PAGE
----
Introductory note on Stock’s study with Master William Whitaker at Cambridge
Turning to Cambridge again, the dates remind us (in the words of the loveable Author of the Thirty-two Lives’) that “at this time Doctor Whitaker was Master of St John’s,” who, Clarke says, “favored” Master Stock very much “for his ingenuity (=ingenuousnesss), industry, and proficiency in his studies,” and under whom “a younger brother had a sizar’s place.” Whitaker had succeeded John Still and Richard Howland, who were as sternly Anti-Puritan as he was Pro-Puritan, and brought with him at once the learning, the piety, and the zeal of their predecessors, Thomas Lever and James Pilkington. Dr. Whitaker’s “Mastership” is admitted by those who had no love for him or his doctrines, to have been “the most flourishing and remarkable period in the history of St John’s College” To have won and retained the regard of that foremost “Master in Israel,” not less erudite as a scholar than winsome as a man, argues not a little in favor of Master Richard Stock, more especially as at the time, the venerable man had much of the contradiction of sinners against himself to contend with. (vii)
Commentary on Malachi 2:6
The law of truth was in his month. He taught the truth and word of God, and nothing but that, and that wholly.
Doctrine. The minister of God must deliver to his people the law of truth, and it only ; only the word of God and nothing else : Rev. ii. 7, “Hear what the Spirit saith.” The law of truth was in his mouth. He taught the truth, and nothing else but the truth, and the whole truth, all the truth, not keeping anything from them.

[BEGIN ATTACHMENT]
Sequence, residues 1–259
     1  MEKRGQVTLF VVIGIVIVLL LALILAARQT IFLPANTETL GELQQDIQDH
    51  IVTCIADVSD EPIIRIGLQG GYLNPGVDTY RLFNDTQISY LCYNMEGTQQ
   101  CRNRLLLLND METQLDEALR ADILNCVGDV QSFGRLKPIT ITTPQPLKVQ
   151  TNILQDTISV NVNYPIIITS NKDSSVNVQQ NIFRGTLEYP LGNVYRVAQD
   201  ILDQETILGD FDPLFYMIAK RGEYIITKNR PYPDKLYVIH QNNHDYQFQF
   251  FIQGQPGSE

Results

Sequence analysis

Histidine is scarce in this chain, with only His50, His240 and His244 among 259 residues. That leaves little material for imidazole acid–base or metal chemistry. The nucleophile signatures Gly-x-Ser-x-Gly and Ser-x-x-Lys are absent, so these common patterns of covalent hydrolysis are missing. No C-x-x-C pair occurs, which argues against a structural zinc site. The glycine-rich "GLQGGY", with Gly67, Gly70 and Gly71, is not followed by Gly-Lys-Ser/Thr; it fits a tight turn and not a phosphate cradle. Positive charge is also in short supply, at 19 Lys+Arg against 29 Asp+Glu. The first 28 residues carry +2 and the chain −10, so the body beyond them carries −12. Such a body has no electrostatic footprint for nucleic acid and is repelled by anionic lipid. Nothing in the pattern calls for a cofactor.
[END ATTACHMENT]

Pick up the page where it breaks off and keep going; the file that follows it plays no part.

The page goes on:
Doctrine. The minister must deliver to his people the whole truth of God, all his will and counsel, whatsoever he hath commanded and revealed: Lev. x. 11, Deut. v. 27, Mat. xxviii. 20, Acts x. 33, and xx. 27, 35.
Reason 1. Because else he cannot be free from the blood of his flock, that is, the perishing or slaughtering of them, sanguinis, i.e. caeslis, saith Chrysostom, upon Acts xx. 26. For if Paul be free from their blood and from their murder, because, as he said, Acts xx. 26, 27, “I take you to record this day that I am pure from the blood of all men. For I have kept nothing back but have shewed you all the counsel of God;” then will this by the contrary follow.
Reason 2. Because else they should not be faithful, neither to him that sent them, nor to them over whom they are set; for what fidelity can there be, when, for their own pleasures or respects, they shall not deliver the whole he commanded, and might be profitable to them. 1 Cor. iv. 2, “And as for the rest, it is required of the disposers that everyone be found faithful.”
Richard Stock, A Commentary on the Prophecy of Malachi, 1651, (London: James Nisbet and Co., 1865), 138.